Udp.sendPacket(...) ocassionally blocks for 10 seconds

Greetings !


  • Device: Electron
  • System Firmware: 0.6.4

Many months of successful development using Electron (very satisfied). System test is underway with dozens of devices in the field. Initial deployment of several hundreds of Electrons is imminent, then expanding into the thousands based on success of the Initial deployment.

As we are expanding system test, we are detecting occasional unexpected problems where Udp.sendPacket() occasionally (and unexpectedly) blocks for 10 seconds before returning an error code of -1. Digging through the Particle forums, I find the following list of UDP error codes:

 [Particle UDP Error Codes](  https://community.particle.io/t/udp-error-codes-listed-anywhere/18775/3)

According to this list, an error code of -1 means: “Pending”. From this I can imagine many possible meanings for “Pending”, however, my bigger concern is that Udp.sendPacket() is blocking for 10 seconds before returning it. According to the Particle Firmware documentation, Udp.sendPacket() is supposed to be “unbuffered” meaning that the Packet is sent directly from user memory; when it returns, the Packet is either sent, or not with a negative return code.

True to the spirit of UDP, delivery of Packets is unreliable meaning that software in the sender and receiver must be be designed to handle lost, duplicate, and out-of-order transmission. I’m pleased to say that our software architecture and implementation for the Electron and our “Cloud” is successfully recovering from the lost “Pending” packet. Unfortunately, the problem still exists: why is sendPacket() blocking for 10 seconds? It shouldn’t take 10 seconds to send a 512 byte UDP Packet, or to detect an error.

We always call Cellular.ready() before attempting to send. It would appear that there might be a firmware error in Cellular.ready() or Udp.sendPacket(). Also, it is possible within the small window of time between Cellular.ready() and Udp.sendPacket() that Cellular is lost. In any case, our code can recover from the situation, but only if the System Firmware doesn’t block for such a long time.

This occasional blocking situation is invalidating a very long design/implementation effort where we have meticulously designed the loop() { } construct to follow a single threaded state-machine where nothing blocks or takes longer than 250 ms. Our implementation sports 7 sensors and 2 servo based actuators. As far as we can tell, we are successfully satisfying Particle’s design principles. That is, until we started detecting the occasional long-term blocking of sendPacket().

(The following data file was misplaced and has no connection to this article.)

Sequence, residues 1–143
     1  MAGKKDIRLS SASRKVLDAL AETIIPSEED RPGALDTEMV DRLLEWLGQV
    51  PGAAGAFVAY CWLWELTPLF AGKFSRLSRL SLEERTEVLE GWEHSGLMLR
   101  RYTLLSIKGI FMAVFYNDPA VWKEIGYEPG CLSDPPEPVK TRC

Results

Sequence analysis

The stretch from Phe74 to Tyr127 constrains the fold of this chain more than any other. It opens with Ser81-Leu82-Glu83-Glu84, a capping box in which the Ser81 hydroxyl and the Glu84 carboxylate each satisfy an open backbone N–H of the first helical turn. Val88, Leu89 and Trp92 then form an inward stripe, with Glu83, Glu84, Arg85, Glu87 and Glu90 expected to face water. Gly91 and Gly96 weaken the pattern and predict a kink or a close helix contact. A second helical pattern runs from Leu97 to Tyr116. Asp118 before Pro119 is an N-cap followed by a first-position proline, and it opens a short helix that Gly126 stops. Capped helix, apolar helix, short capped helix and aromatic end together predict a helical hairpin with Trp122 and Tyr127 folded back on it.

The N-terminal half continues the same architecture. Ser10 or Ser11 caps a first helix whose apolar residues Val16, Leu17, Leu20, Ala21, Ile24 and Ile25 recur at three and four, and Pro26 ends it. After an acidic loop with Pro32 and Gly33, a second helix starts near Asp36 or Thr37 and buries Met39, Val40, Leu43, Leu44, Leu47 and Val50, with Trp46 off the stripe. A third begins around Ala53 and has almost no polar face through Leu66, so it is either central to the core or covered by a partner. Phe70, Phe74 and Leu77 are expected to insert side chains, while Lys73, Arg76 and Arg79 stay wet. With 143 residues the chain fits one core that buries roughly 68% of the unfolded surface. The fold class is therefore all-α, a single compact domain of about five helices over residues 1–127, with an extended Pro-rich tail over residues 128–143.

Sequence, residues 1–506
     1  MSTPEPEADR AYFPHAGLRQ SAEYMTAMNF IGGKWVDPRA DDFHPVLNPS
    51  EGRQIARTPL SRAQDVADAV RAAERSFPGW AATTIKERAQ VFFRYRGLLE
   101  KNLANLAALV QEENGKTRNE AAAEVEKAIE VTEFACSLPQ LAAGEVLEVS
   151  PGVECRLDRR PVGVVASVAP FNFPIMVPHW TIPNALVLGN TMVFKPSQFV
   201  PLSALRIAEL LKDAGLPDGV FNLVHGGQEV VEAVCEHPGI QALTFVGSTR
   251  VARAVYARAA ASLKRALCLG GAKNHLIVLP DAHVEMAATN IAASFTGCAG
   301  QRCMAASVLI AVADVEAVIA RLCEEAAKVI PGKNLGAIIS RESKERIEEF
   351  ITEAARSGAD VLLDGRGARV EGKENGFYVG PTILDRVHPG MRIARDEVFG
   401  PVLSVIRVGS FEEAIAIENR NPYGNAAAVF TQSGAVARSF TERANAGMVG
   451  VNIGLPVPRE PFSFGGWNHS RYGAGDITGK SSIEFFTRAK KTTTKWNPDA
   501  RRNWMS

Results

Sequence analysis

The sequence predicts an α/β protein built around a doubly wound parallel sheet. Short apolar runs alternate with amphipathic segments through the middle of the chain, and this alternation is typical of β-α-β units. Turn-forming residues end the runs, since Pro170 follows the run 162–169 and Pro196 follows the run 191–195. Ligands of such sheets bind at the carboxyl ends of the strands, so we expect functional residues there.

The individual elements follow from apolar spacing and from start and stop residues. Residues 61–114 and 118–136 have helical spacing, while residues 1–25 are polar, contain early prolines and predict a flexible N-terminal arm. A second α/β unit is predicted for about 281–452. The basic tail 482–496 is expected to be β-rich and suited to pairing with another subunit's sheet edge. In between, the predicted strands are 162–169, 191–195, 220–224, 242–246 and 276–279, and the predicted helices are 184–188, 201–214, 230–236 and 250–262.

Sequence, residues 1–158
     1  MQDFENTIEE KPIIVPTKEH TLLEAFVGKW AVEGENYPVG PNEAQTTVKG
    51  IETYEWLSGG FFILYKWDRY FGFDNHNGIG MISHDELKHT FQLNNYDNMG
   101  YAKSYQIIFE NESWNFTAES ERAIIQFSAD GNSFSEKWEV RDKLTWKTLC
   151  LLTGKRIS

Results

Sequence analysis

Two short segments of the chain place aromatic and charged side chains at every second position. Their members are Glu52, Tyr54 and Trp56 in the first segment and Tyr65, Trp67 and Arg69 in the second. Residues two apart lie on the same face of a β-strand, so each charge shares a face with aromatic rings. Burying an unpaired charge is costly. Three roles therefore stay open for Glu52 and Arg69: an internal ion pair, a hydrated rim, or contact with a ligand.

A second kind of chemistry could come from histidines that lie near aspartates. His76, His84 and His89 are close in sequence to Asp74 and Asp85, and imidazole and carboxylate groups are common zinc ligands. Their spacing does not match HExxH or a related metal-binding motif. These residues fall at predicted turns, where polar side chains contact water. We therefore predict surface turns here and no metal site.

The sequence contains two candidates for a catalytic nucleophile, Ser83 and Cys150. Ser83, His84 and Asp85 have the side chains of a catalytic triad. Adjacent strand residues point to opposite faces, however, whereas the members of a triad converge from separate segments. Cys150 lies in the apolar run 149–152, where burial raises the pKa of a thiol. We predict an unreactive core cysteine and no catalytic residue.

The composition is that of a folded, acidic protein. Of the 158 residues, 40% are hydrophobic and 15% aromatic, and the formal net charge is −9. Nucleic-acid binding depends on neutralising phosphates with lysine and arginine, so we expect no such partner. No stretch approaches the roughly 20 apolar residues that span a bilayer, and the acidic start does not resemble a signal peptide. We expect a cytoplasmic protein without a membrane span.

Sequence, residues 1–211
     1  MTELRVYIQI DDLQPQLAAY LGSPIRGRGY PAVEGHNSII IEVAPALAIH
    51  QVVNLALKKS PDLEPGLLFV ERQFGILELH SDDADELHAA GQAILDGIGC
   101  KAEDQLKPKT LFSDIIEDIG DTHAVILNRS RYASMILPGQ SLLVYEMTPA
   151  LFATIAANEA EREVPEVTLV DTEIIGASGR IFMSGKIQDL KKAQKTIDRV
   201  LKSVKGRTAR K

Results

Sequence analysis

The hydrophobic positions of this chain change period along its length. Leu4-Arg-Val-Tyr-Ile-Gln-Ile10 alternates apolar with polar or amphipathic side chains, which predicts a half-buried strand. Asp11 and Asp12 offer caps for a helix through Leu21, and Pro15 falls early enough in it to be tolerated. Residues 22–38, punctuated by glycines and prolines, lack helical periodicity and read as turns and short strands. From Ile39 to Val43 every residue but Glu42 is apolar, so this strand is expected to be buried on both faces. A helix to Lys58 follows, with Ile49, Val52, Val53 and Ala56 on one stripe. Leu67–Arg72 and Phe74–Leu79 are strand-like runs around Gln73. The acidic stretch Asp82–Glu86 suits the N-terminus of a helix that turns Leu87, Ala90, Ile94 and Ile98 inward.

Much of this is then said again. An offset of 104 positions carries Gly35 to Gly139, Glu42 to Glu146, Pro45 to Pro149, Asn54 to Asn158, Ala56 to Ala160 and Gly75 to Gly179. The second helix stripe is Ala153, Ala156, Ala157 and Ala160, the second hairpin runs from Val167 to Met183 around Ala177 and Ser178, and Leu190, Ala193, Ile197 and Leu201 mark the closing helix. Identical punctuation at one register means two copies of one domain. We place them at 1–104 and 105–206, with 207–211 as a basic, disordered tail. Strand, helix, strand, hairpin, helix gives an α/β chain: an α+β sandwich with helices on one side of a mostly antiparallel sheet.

For many other kinds of projects, if the processor freezes occasionally for 10 seconds, that is no big deal. While I can’t get into details, it is violating our design principles where our “user interface” becomes frozen for these 10 seconds. For us, this is a big deal. No, we are not monitoring mission critical information. But the success of our product centers on both functionality and solid user interface experience.

I am posting this issue here because we’ve made great progress learning about how to solve various problems on these forums. I think that the answers posted here will be of value to the Particle community. Specifically,

  • Is the single-threaded state-machine loop() { } valid in all circumstances?
  • Is there some kind of undocumented “timeout” parameter I can add to Particle Firmware calls to ensure they never block?
  • Does the Firmware API expose FreeRTOS so that I can create my own threads (and sychronisation primitives) to make calls to the Particle Firmware? Is the System Firmware “thread-safe”? Or, is this a really bad idea attempting to solve this problem using this approach?

Thank you all for your invaluable input.

My guess is that it’s not actually the UDP send that is taking that long. Most modem operations on the u-blox modem take over the modem for the duration of the operation, and the next operation won’t proceed until the previous one is complete. My guess is that the UDP is blocking because another operation is using the modem at the time.

Of course thing begs the question of which operation, and why. That’s harder to answer. A debugging version of system firmware can output all modem operations by USB serial. That’s probably the best way to troubleshoot this, if you can reproduce it with any frequency.

There is multi-threaded support, however not all calls are thread safe, so you have to be pretty careful when using it. And because the modem is single-threaded, I’m not positive this will fix your blocking problem.

However, you may be able to move your user interface and/or measuring into a thread, but leave networking in the main loop. You need to be careful because things like I2C and SPI can be called from another thread, but there’s no thread safety built in, so you’ll need to wrap those to prevent problems. But that would assure that your user interface remains responsive.

rickkas7 Thank you for your quick reply.

I’m going to look into using the debugging system firmware. But first, I need to understand and characterize the frequency of this error. Perhaps there is a way to do something to increase the frequency of failures so we can catch it using the debugging version of system firmware. The device application is mobile and truly doesn’t make it easy to hang a PC off the USB port to capture the output of all modem operations.

Once I learn something interesting or useful, I’ll post it here.

Thank you and best regards,
Steve Scott